I might have made more of that fact, though. Because it occurs to me that my takeaway from Famille Nombreuse — the joyous spirit of collaboration, the raucous democracy of voices, above all the marvelous, terrifying feeling of Us vs. The World, the feeling that all life is a bloody gang war and that your survival is primarily a function of who you’ve got in your gang — lines up pretty clearly with the lessons of 25+ years of knowing her.

Happy birthday, darlin’. This is a pretty grand adventure wherein we find ourselves, after all.

Mad Captain Jack
06 June 2011 @ 12:28 pm

My review of Simon Pegg's memoir Nerd Do Well is now live at Kirkus Reviews. I have nothing witty to say about it right now, but I do have some thoughts on British TV comedy and the nature of the collaborative process that will (I hope) soon form the basis of a substantial post. So, y'know, there's that.

Mad Captain Jack
01 June 2011 @ 11:37 am

I am weirdly fascinated by the current crop of singing shows, mostly because they don’t map onto my own musical approach at all. I think a song interpreter needs to be guided by two maxims simultaneously:
  1. Make it your own, and

  2. First, do no harm.
Occasionally, of course, these two guidelines will contradict each other. But that’s the fun part; that’s where the creative tension of interpretation comes in.

For most of the singers on American Idol and The Voice, the second rule never seems to occur to them. Part of that comes down to a cultural difference; most of the interpreters I love best come out of the traditions of folk and jazz, where the central creative activity is the writing and collection of songs, and the performer is generally conscious of his or her role as a keeper of the canon. (This is true also in rock, though to a lesser extent.)
Cut for old-man rambling and media embedsCollapse )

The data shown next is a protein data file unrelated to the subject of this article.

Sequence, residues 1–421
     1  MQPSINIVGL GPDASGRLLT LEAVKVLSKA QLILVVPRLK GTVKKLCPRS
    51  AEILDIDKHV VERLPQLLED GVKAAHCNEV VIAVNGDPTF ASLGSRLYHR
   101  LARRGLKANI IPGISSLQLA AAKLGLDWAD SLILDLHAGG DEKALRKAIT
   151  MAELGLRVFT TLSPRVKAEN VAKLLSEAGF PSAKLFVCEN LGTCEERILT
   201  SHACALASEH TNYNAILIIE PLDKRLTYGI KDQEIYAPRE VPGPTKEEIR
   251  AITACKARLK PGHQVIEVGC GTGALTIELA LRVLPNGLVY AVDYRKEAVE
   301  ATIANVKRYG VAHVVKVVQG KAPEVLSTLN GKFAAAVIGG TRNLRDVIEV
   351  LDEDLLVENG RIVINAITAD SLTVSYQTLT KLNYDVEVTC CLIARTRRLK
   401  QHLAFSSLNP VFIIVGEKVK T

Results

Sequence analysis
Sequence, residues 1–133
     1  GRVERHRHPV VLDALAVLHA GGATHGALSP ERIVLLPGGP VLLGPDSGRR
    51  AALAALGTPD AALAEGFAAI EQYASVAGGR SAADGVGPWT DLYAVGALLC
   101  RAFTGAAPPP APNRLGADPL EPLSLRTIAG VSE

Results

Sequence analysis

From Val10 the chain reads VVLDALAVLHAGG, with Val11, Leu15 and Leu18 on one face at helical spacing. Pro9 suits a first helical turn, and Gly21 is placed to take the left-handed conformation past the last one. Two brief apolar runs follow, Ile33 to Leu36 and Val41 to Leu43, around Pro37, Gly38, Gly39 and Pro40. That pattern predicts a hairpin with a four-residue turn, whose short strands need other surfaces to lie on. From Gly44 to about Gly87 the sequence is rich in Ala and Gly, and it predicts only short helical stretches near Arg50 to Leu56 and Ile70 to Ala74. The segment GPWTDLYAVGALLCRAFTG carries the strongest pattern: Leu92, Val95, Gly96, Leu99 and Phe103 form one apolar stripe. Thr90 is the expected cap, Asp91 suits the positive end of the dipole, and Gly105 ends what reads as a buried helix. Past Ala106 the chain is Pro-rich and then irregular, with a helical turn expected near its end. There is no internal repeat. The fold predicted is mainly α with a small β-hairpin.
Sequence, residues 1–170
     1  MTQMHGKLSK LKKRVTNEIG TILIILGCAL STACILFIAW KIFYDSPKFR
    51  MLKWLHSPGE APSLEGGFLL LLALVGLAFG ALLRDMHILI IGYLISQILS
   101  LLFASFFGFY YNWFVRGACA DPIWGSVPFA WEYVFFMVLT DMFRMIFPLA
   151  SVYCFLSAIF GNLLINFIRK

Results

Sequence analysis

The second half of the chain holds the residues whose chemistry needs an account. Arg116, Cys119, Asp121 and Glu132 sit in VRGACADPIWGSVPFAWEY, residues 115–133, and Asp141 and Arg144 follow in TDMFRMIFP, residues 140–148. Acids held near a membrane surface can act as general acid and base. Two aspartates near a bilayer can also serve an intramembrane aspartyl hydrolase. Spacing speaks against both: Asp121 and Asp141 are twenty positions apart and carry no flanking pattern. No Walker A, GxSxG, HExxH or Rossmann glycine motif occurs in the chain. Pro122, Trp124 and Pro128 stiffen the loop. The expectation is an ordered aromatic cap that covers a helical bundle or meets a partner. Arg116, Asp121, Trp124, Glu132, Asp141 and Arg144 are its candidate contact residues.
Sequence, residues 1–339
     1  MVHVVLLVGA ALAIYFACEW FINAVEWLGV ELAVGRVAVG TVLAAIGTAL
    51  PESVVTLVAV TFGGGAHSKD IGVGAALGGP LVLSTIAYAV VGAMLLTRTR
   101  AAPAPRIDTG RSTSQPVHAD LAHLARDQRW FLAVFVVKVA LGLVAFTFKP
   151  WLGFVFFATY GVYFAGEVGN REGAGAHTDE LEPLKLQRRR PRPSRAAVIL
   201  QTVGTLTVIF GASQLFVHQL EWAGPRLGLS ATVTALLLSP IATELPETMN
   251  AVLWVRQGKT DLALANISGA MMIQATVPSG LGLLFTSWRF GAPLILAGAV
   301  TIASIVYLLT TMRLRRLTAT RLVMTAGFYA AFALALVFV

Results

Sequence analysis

Mad Captain Jack
29 May 2011 @ 04:13 pm

So I'm standing at the self-service bottle return, feeding empties into the machine one by one to the satisfying crunch and cymbal-splash of broken glass. I'm reaching down into the cardboard box that of late held a double dozen of Sam Adams longnecks, and I see at the bottom of the box there's some loose change. Two dimes and a nickel, in fact. And God help me, the first thought that occurs: Holy shit, they've been redeeming themselves while I'm not looking.

Which is pretty much how it should be, isn't it?

Mad Captain Jack
28 May 2011 @ 11:09 pm

The big planting bed has become so overrun with dill weed that the only thing for it is to turn the earth — plow everything under, and start again. Only we haven’t got a plow. We have shovels.

D has got the job mostly-done by the time I manage to set heel to spade; but after even my brief stint of digging, the aroma is so mighty that I’m left feeling rather like I’ve just worked second shift at the pickle factory.

Mad Captain Jack
27 May 2011 @ 11:39 pm

Gil Scott-Heron, dead at 62.

Peace go with you, Brother.

Mad Captain Jack
26 May 2011 @ 09:54 pm

Rummaging through some old mix CDs last night unexpectedly heard, for the first time in years, Milla Jovovich’s improbably excellent 1994 single “The Gentleman Who Fell.” I say improbably because we don’t expect our celebrities to be, not do we as a rule reward them for being, good at more than one thing. When you first heard that Viggo Mortensen gives readings of his poetry, admit it—you rolled your eyes. And the mere mention of the band Dogstar will still elicit involuntary snickers from rock fans of a certain age.

And God forfend you should be a hyphenated talent if you are a beautiful woman. Milla is and was a supermodel. The cognoscenti looked askance when she made the jump to acting. But to be a singer-songwriter as well—that was beyond the pale. And when Scarlett Johansson put out that album where she sang those Tom Waits songs, and when Zooey Deschanel sang with She & Him, the rock press lined up to proclaim their hate in often ugly and personal terms.

I was thinking about all this, I was remembering a picture. Shortly before I suspended How Bad Can It Be?, I was toying with the idea of writing a column about this stuff, using Minnie Driver’s album Everything I’ve Got In My Pocket as a springboard. But it never got further than a few miscellaneous notes, and an image knocked together in Photoshop. I’m never going to write that column now, but I still think the picture is funny:

Minnie Driver

If How Bad had a dirty secret, it is precisely this: that on occasion (as in this case) the jokes came first, and from there I worked backwards towards my thesis.